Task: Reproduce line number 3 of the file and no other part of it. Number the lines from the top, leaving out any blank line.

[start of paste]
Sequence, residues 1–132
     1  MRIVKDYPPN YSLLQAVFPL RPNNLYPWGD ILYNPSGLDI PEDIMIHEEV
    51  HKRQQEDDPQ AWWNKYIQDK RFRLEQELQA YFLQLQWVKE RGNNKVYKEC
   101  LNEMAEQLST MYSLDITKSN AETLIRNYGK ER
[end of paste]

    51  HKRQQEDDPQ AWWNKYIQDK RFRLEQELQA YFLQLQWVKE RGNNKVYKEC